Hopes for a vaccine against cervical cancer after mouse trials showed it reduced tumors in 80 percent of cases
- Researchers at the University of Pennsylvania and Sao Paulo have been trialling vaccines
- 80% of the mice tested with three vaccines showed complete tumor regression
Scientists are one step closer to developing a vaccine against cervical cancer after trials in mice showed it reduced tumors in 80 percent of cases.
Researchers tested three mRNA vaccines – the basis of which was the Covid shot – on tumors caused by the human papillomavirus (HPV).
Although HPV does not cause problems for most people, it can increase the risk of some types of cancer, such as cervical cancer.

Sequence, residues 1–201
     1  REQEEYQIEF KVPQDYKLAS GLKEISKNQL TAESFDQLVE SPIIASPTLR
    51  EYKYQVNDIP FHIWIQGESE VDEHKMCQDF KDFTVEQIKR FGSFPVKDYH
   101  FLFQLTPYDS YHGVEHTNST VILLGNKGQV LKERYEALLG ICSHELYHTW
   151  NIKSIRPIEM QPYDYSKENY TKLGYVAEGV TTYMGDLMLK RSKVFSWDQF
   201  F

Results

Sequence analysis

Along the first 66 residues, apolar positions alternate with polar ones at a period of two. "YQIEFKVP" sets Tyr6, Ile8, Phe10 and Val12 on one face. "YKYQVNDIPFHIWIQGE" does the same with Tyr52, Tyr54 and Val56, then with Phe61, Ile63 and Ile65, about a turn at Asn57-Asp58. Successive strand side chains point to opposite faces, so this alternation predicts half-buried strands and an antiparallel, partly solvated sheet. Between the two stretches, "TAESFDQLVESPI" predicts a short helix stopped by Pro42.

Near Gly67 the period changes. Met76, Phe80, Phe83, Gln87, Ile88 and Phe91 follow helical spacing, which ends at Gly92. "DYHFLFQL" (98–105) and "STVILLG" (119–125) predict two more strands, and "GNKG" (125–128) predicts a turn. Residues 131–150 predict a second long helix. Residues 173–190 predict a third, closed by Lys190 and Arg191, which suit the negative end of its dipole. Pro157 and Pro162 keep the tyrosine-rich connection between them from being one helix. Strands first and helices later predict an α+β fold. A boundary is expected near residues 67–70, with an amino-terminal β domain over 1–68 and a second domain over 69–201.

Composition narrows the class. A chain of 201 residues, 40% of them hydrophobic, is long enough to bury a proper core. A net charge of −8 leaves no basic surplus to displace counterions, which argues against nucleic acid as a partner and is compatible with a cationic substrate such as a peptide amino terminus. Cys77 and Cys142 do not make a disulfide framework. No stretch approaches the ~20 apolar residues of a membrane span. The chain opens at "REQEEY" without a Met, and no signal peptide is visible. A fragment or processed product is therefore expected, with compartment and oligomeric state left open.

The three vaccines were tested individually on mice with HPV tumors – and analysis of the results published in the journal Science Translational Medicine found that each vaccine was able to reduce the size of the tumors with a single dose.
The researchers reported complete tumor regression in 80% of the test mice
“Even a few low doses of the vaccines elicited strong immune responses and led to complete tumor regression in 80 percent of the mice at an advanced stage,” said the team from the Universities of Pennsylvania and São Paulo.
A vaccine already given to young people can protect against HPV and prevent cancers caused by it, but it does not treat tumors.
The findings were presented at the conference of the American Association for the Advancement of Science in Washington.
Further clinical trials will be needed, the team explained.